If you read "Mistrusting a Memory" you may remember an old man, sitting in the gallery, who said "I'll be damned" when the verdict was read. That's a nod to this man who hung around court rooms to learn things.

Anyway, a sheriff's deputy noticed this guy hanging around all day, every day, and approached him. The man told him exactly what he was doing. He told the deputy he was trying to become a private eye. He mentioned the badge and gun. He said he was attending trials to learn about evidence.

The deputy, out of curiosity, more than anything else, did a background check on the guy and found out he was an ex con. He thought about the gun. Ex cons can't possess firearms. That's a crime. So he called the man up and said that some of the boys down at the station would like to see that gun and badge and INVITED him to bring them down to the station.

The man took the items to the station and was promptly arrested as a felon in possession of a firearm.

Now, the elements of proof for that offense are simple. 1. There exists a felon. 2. The felon posses a firearm.

That's it. He's guilty. It's an open and shut case. Presto, guy goes back to prison.

Except that Frontline filmed the trial and the deliberations of the jury, and that jury, after days of agonizing deliberations, found the man not guilty. There were lots of reasons they voted that way, which I won't go into. The fact is that a jury has the LEGAL right to do what a judge would very clearly call a "miscarriage of justice." Nobody TELLS the jury they have this right. In fact, everybody does everything they can to keep that information AWAY from the jury. But the fact is that the jury has the right to say "We just don't want to punish this person, even though he is obviously guilty."

OK, so all THAT was going through my mind while I decided whether to have a trial for Lacey Fetterman or not.

And then when I DID decide to have a trial, I decided that just having the jury decide not to punish her was probably not going to hack it with the general readership. I mean I know that juries can do that ... but the average person does not. I just didn't think people would buy that and then I'd get mail about it, and have to write long responses explaining it.

But I had no other gimmick to get her off. And I wanted to get her off, because, like Claire and Detective Duncan, I kind of thought she did society a favor by offing a serial rapist. And I didn't mind that she did it by burning him to death. I think God can have people act as His agent, even when the project is introducing someone to Hell.

Then, one day, while I was thinking unhappily about how to write the jury deciding not to punish her even though she was guilty, I looked at the title of the story as I pulled it up.

Mistrusting a Memory.

She couldn't trust her memory. That's where that came from, when I picked a new title because Peaches didn't get the warm fuzzies over "The Rape Investigation Blues."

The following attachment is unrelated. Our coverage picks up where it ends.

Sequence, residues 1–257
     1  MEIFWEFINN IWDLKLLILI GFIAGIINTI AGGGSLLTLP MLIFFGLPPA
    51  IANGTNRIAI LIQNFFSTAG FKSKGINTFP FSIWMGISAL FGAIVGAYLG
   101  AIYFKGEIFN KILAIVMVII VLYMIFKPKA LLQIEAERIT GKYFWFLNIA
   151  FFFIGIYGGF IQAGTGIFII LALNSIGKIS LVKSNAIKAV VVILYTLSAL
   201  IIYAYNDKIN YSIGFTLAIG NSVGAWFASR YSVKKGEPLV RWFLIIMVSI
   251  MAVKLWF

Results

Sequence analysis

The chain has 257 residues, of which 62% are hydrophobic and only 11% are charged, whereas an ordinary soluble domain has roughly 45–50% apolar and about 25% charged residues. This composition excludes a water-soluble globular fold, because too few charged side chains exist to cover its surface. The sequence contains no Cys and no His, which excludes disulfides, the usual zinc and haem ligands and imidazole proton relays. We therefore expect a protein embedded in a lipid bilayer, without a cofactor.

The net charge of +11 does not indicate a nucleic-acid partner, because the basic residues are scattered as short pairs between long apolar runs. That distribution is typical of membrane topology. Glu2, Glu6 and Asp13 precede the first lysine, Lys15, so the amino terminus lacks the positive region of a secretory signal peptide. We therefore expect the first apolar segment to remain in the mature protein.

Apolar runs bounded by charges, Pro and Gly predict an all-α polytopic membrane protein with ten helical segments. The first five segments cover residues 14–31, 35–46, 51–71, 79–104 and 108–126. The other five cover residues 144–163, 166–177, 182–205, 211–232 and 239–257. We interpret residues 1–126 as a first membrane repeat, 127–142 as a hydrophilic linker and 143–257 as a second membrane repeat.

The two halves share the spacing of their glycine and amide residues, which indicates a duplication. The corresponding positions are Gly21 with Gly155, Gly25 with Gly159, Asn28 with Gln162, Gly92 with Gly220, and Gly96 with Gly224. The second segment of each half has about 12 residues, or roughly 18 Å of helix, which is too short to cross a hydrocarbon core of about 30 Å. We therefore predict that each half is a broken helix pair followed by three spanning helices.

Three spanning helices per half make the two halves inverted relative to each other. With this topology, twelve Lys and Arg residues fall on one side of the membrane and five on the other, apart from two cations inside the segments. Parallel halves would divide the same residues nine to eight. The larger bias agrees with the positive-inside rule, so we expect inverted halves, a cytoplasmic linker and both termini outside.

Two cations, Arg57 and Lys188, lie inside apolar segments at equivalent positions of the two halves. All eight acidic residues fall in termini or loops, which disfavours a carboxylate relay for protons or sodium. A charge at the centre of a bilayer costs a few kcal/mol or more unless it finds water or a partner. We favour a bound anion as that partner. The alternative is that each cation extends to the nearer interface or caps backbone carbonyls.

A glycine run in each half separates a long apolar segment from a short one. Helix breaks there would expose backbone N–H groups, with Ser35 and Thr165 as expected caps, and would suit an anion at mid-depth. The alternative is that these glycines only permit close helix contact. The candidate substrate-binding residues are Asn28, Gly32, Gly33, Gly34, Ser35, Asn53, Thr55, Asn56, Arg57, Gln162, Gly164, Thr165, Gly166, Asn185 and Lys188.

And it suddenly occurred to me (my muse showed up) that if SHE couldn't trust her memory ... then maybe the JURY couldn't trust it either.

Presto ... an ending I could climb aboard and wave flags about.

See how complicated all that was? I told you.

So that's how I do it. It's a hazy, kind of clouds boiling in the sky sort of thing, that has no real rules or substance to it, until the words end up on a screen, or in my brain. I doubt seriously that the professionals do it that way. A pro would have had all the plot and the gimmick at the end worked out before he even started drafting the thing.

But I'm not a pro. So maybe that's how amateurs do it. I don't know. I don't actually worry about it. My muse shows up and I write. If she doesn't show up, I don't write, but do something else instead, like think up crazy ideas to put in my projects folder. I hear a song, or see a billboard, or a commercial on TV, and an idea for a story comes to mind. My projects folder is full of them.

It's also full of half-written stories, like "Millie's School Adventure" and "Suzie and the Outlaw" which, if my muse will ever cooperate, may get finished some day. I've already decided that that cowboy is going to go over the cliff on his horse BEFORE he's shot, so he can land in the water and swim to shore. THEN he'll get winged in the head and the posse will see him fall and think he's dead. And it's too far to go down and get his body, so they just go back to the train. Now he can be found by Suzie, who will run back to her mother and they'll take care of him, and he'll help them survive, because his skills will be intact, including an amazing skill with fast draw. And some sex, of course. Probably with both women.

Sounds like a good story idea, right? So why has it been sitting around for two years?

Because things like "Mistrusting a Memory" come along and claim priority.

It really IS complicated.

Which is why I thank you all so much for reading. This is a LOT of work to go to, and knowing you liked it is what makes it all worth while.

Bob